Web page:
Please welcome Krassi Zourkova to The Qwillery with the first 2015 Debut Author Challenge Guest Blog! Wildalone will be published by William Morrow on January 6, 2015.
Magic Is a State of Mind
Magic is for kids. We learn this early on, and it becomes a given, part of the price for growing up. If you’re old enough to drive, it’s time to give up fairy tales. And so, we do.
What’s left, then, is a rational, adult existence in which duty erases dreams, logic cancels passion, and our heart is told what it should or shouldn’t want, ad nauseam. Magic—if it survives at all—gathers dust on bookshelves, labeled “literature for children” and used sparingly, as a guilty escape. Wildalone began for me as an extension of this escapism. I envisioned a story very much rooted in reality and in my past, but also one that would contain everything my real life didn’t: myths, legends, witch powers and sex rituals, ancient riddles, murderous secrets, and immortal creatures capable of an even more immortal love.
But, as they say, be careful what you wish for. With every page and every plot twist, as I watched my fictional world grow complete, I also felt a certain penchant for magic lodge itself in my mind. I started to look for extraordinary potential in the everyday, to crave intricacies in life’s minutia and see each experience through a dreamy prism that earned me concerned headshakes from both family and friends.
Technically speaking, I was writing magical realism: a tale in which the fantastical blends so smoothly with the normal, it becomes impossible to distinguish where reality ends and myth begins. Put more simply, it was a fairy tale for adults. Not the sweeping fantasy recipes I had read as a child, boasting castles and magic objects and superheroes, but a world exactly as the one we live in, except now suddenly transformed by the ability of ordinary human beings to love and dream with an intensity most of us consider to be the stuff of fairy tales.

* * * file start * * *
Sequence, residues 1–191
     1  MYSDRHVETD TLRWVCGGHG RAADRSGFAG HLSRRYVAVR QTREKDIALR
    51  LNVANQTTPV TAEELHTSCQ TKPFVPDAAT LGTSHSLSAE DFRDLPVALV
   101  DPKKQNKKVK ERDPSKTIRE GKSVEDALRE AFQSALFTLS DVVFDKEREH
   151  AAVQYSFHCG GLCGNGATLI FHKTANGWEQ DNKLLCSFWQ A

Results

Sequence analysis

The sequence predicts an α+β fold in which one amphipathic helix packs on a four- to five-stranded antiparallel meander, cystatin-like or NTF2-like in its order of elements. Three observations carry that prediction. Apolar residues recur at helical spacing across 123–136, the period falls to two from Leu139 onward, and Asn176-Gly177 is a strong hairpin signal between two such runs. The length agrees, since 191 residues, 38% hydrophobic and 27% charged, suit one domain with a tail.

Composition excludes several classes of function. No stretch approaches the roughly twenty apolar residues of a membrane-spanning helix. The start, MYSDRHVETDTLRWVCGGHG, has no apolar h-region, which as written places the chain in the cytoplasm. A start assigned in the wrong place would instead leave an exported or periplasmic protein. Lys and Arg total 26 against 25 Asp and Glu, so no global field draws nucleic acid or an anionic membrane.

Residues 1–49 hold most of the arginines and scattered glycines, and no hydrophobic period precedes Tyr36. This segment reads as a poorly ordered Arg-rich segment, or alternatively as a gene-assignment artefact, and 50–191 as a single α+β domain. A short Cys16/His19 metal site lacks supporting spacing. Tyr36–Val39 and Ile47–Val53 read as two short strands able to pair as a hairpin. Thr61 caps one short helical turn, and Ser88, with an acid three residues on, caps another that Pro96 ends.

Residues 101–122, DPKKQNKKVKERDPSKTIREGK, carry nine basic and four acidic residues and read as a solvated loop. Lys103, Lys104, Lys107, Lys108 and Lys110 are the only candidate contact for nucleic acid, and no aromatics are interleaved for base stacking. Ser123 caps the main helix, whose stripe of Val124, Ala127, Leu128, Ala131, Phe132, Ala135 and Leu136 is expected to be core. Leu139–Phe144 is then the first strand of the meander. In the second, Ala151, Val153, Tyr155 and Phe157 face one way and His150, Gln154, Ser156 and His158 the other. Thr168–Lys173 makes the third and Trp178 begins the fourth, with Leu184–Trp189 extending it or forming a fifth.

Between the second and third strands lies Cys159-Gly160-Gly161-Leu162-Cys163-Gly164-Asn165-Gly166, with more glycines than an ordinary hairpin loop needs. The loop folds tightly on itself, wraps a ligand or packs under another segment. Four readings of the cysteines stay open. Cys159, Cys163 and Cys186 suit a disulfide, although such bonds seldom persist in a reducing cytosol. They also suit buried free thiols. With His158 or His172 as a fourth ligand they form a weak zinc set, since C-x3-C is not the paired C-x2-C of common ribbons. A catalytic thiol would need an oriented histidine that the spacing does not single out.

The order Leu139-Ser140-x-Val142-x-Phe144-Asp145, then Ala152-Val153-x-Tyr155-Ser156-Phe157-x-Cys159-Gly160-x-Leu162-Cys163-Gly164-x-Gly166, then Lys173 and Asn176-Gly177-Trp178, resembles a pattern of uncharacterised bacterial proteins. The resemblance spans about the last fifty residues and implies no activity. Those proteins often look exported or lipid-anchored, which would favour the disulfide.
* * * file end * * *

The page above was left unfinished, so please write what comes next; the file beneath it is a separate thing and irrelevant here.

Over the past few weeks, as the book has reached its first readers, I have been called a hopeless romantic more than ever before. The “romantic” part I do love. But the word “hopeless” makes my skin crawl. It implies not that the romantic has given up hope, but that he or she is beyond repair. Why is the world so insistent on reforming those of us who dream? And why is romanticism viewed as a liability? Can—and should—we perhaps start speaking of the “hopeless pragmatist” instead?
It could be that finding the magic in our adult lives means reverting back to a certain innocence we had while still children. This time, though, it needs to be a conscious choice: to believe in the unlimited possibilities of our inner world. As the saying goes—we are all granted two childhoods, but the second one depends entirely on us.
William Morrow, January 6, 2015
Hardcover and eBook, 384 pages
In this enchanting and darkly imaginative debut novel full of myth, magic, romance, and mystery, a Princeton freshman is drawn into a love triangle with two enigmatic brothers, and discovers terrifying secrets about her family and herself—a bewitching blend of Twilight, The Secret History, Jane Eyre, and A Discovery of Witches.
Arriving at Princeton for her freshman year, Thea Slavin finds herself alone, a stranger in a strange land. Away from her family and her Eastern European homeland for the first time, she struggles to adapt to unfamiliar American ways and the challenges of college life—including an enigmatic young man whose brooding good looks and murky past intrigue her. Falling into a romantic entanglement with Rhys and his equally handsome and mysterious brother, Jake, soon draws Thea into a sensual mythic underworld as irresistible as it is dangerous.
In this shadow world that seems to mimic Greek mythology and the Bulgarian legends of the Samodivi or “wildalones”—forest witches who beguile and entrap men—she will discover a shocking secret that threatens everything she holds dear. And when the terrifying truth about her own family is revealed, it will transform her forever . . . if she falls under its spell.
Mesmerizing and addictive, The Wildalone is a thrilling blend of the modern and the fantastic. Krassi Zourkova creates an atmospheric world filled with rich characters as fascinating and compelling as those of Diana Gabaldon, Deborah Harkness, and Stephenie Meyer.
Krassi Zourkova grew up in Bulgaria and came to the United States to study art history at Princeton. After college, she graduated from Harvard Law School, and she has practiced finance law in New York, Chicago, and Los Angeles, where she currently lives. Her poems have appeared in various literary journals. Wildalone is her first novel.